An emergency grant to Arizona State University’s Center for the Study of Religion and Conflict (CSRC) supports the “COVID Relief and Southwest Stories” project. The funds have allowed CSRC to award grants to organizations—identified from existing community partners—that assist populations who have been disproportionately impacted by the pandemic. The grant also supports a journalistic initiative focused on telling the stories of those organizations and the people they serve, available in “A Journal of the Plague Year,” an online archive of articles and media.
In Arizona, some of the communities hit hardest by the coronavirus pandemic have been the same communities whose plight often goes unnoticed — refugees, asylum-seekers, DACA recipients, mixed-status migrants and Native American tribes.
In a move that is new to the Arizona State University Center for the Study of Religion and Conflict, it has been able to award grants ranging from $3,000 to $10,000 to 13 separate organizations serving the state’s most vulnerable communities, after receiving $150,000 in funding from the Henry Luce Foundation.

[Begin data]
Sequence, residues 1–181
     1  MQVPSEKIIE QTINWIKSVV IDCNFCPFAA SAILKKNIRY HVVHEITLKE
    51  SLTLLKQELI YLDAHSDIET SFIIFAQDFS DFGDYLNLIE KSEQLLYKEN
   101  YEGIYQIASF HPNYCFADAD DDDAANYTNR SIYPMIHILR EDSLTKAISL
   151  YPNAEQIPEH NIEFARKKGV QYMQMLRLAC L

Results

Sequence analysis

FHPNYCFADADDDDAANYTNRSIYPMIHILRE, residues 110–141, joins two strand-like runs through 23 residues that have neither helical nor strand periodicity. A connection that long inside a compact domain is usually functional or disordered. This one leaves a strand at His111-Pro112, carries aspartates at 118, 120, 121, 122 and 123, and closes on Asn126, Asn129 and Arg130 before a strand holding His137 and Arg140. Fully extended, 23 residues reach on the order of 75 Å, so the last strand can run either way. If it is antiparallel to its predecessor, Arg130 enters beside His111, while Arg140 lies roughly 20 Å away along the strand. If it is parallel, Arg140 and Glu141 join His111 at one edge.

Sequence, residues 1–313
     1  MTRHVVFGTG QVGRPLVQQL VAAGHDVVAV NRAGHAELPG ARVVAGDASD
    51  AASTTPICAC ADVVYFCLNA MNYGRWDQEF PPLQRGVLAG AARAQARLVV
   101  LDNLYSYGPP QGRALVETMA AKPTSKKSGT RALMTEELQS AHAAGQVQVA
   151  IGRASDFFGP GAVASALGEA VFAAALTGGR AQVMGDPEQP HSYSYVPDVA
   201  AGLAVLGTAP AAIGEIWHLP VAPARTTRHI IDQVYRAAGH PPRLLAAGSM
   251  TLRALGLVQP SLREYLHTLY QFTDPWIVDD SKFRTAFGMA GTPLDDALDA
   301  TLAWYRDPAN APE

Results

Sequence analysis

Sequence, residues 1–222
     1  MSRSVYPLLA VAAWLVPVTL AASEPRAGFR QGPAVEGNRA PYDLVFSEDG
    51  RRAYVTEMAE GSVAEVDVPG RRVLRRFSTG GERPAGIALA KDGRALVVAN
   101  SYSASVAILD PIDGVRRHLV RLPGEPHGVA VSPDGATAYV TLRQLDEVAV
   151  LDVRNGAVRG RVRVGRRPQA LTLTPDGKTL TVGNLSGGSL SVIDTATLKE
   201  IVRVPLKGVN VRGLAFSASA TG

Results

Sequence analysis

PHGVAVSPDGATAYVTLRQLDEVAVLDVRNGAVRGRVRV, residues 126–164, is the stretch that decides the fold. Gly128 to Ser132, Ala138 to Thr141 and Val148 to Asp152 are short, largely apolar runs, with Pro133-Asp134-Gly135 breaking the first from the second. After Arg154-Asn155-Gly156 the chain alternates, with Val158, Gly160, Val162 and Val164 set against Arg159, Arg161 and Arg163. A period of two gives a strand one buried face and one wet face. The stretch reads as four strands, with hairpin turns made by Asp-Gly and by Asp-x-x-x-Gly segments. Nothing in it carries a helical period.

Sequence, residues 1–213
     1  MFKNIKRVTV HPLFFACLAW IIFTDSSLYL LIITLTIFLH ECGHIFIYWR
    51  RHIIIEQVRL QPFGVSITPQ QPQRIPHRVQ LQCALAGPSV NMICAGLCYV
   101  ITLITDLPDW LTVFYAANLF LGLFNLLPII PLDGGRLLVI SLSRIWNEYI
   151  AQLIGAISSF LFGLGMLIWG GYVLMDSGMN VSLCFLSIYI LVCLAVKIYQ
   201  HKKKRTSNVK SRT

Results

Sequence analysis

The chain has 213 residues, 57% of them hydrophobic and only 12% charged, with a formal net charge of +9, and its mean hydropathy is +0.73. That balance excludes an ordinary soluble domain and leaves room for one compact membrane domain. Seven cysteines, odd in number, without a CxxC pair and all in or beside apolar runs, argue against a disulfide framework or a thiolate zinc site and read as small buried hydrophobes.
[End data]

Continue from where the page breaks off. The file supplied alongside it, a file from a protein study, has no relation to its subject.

“We're usually asking for money; we're not in the business of giving it away, so it's such a privilege to be able to do this,” said Tracy Fessenden, a professor in ASU’s School of Historical, Philosophical, and Religious Studies and co-director of the project, “COVID Relief and Southwest Stories,” along with Center for the Study of Religion and Conflict Interim Director John Carlson.
The grants will allow such organizations as the undocumented-, DACA- and youth-led Aliento; the Iranian American Society of Arizona; and Navajo United Way to provide rapid relief to those they serve — many of whom have been disproportionately affected by the pandemic — in many forms: baby formula and diapers, rent and medical bill assistance, food donations and wireless internet.